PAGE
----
The Berkeley Running Company is proud to see how Runners World has saluted the Bay Area and Wisconsin for having wonderful running communities. Our two stores’ staffs are excited to support our customers with their fitness needs. As one of our group leaders often shares, All Miles Are Good Miles!  

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Runners are lucky. We don’t require special courts or lots of fancy equipment. We can get out, loop around, and log miles in nearly any location on the map. But we appreciate a few things: a temperate climate; abundant routes, tracks, and trails; a vibrant local running and racing scene; and maybe some good company. There are dozens of U.S. cities rich in these qualities (maybe you’re lucky enough to live in one!), and after we collected and analyzed a massive amount of data on the largest metropolises in the country, these 50 stood out.

Methodology: We started with a list of 250 U.S. cities with populations of more than 160,000 that had the highest number of households per capita reporting participation in running within the last 12 months (according to the SimplyMap 2014 census study). Then we gathered data from myriad sources to create five indexes of special importance to runners, ranking the cities in each index from 1 to 150. We then weighted the indexes and tallied up the scores to create the final list. The indexes are shown above—run, parks, climate, food, and safety. Click or tap for more information about each index and to see the top 10 cities in each index.


If you’re going to San Francisco, be sure to pack your favorite running shoes, because the city by the bay landed at the top of our chart. Of course, if you left your home with only the flower in your hair and need a fresh pair of kicks, you’ll likely find what you’re looking for at one of the nine running stores within city limits. It’s true: San Francisco outranked its rivals in nearly all the running-friendly categories we measured, boasting 16 running clubs and 246 races in 2016. The city’s runners are putting in the work; per data from Strava alone, San Franciscans logged 12,554 runs per week for a total of 64,037 miles in 2015. With its signature fog, cool summers, and rolling terrain, getting out the door is painless. Plus there are landmarks like the Lyon Street Steps and Kezar Stadium, the public track that’s been a fixture in San Francisco running for more than 90 years. And there’s no end of routes to explore. From Lands End Coastal Trail, you can run about three miles to the famous Sutro Baths saltwater pools and more trails at Ocean Beach. End the route with a beer at the Park Chalet in Golden Gate Park. For great views of Alcatraz, run along the Embarcadero from AT&T Park to the base of the Golden Gate Bridge. There, visit Hopper’s Hands—created by local ironworker Ken Hopper, who made the sign (and a second plaque with dog paws underneath) to give runners a place to touch before turning around.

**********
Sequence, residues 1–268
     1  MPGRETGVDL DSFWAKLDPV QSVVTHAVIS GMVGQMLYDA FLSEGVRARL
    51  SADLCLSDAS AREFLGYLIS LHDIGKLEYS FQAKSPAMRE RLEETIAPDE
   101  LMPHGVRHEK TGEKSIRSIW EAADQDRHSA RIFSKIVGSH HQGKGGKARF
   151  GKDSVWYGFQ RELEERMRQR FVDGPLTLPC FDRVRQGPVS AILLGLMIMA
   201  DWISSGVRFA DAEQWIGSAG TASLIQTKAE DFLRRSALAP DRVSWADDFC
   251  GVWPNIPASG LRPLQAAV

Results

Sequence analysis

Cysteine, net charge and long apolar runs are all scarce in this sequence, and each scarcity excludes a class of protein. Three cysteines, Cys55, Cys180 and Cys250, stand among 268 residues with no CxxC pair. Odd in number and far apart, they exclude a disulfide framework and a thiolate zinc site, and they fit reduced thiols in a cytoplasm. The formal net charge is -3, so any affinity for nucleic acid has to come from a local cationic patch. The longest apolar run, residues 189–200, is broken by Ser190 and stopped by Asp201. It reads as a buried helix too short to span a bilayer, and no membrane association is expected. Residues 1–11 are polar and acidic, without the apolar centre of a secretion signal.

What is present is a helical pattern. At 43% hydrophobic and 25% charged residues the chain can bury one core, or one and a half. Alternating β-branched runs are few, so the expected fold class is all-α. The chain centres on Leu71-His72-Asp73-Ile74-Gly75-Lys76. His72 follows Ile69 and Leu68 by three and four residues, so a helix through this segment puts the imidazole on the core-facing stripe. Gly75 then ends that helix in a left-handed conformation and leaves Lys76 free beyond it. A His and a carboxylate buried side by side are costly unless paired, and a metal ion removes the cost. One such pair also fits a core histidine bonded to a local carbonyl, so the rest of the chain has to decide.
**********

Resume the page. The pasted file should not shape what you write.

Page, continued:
“My family has been in San Francisco for five generations, so I’ve always had a strong sense of home, and it’s the perfect place to be a runner,” says Shannon Rowbury, 31, three-time Olympian and two-time world bronze medalist. “Within the city, there are trails most people can access just by walking out their door. I started running in high school for the Sacred Heart Cathedral cross-country and track teams. We ran at Kezar Stadium and different routes around the city. I remember my first practice—a five-miler in Golden Gate Park. Ever since, I’ve loved running there. The two main drags—JFK and Martin Luther King—are amazing. But there are little trails, and I swear, after running there for more than 10 years, I’ll still find new, hidden connector routes. Running there makes you feel like you’re far away and in your own little world, but you’re still in the center of San Francisco.”


This fitness-friendly city has long been a runner’s dream, with 11.5 parks per 10,000 residents and more than 200 miles of trails. If you’re looking for soft surfaces, head to the Military Ridge State Trail for a 40-mile packed dirt path. And if you’re in the mood for some natural beauty, the UW Arboretum will do the trick. A 1,200-acre nature area, it has four miles of paved paths and approximately 20 miles of hilly trails.


Ask 2008 Olympian Magdalena Lewy Boulet where her favorite place to run is—she’ll likely tell you it’s her hometown of Oakland. With the top running city as its neighbor, Oakland has a lot to live up to, and it doesn’t disappoint. Check out Redwood Regional Park for cross-country-esque runs complete with hills and deep forests. One of the area’s oldest running clubs is the Lake Merritt Joggers and Striders, founded in 1977. They continue to welcome new runners and host annual potlucks for their members.


The California capital has two great waterways—the American and Sacramento Rivers—that make running an adventure. The Sacramento River Parkway connects to the Two River Trail and the American River Bike Trail. But some might say the best place to break a sweat is the 32-mile Jedediah Smith Memorial Trail, which follows the American River to the Folsom Dam with water fountains and restrooms along the way. Every Tuesday, join the Buffalo Chips (one of the oldest groups of the city’s 14 running clubs) for a speed session with up to six miles of varying intervals. And if all that running made you hungry, go to Burgers and Brew for an evening treat.


This city not only has a great brewing tradition, but a running one as well. Get in the Milwaukee Beer Run to merge the two. Don’t feel like a dose of ale? Head over to Lakeshore State Park to get your miles in and run along the peninsula that juts straight out into Lake Michigan.

Written by Alec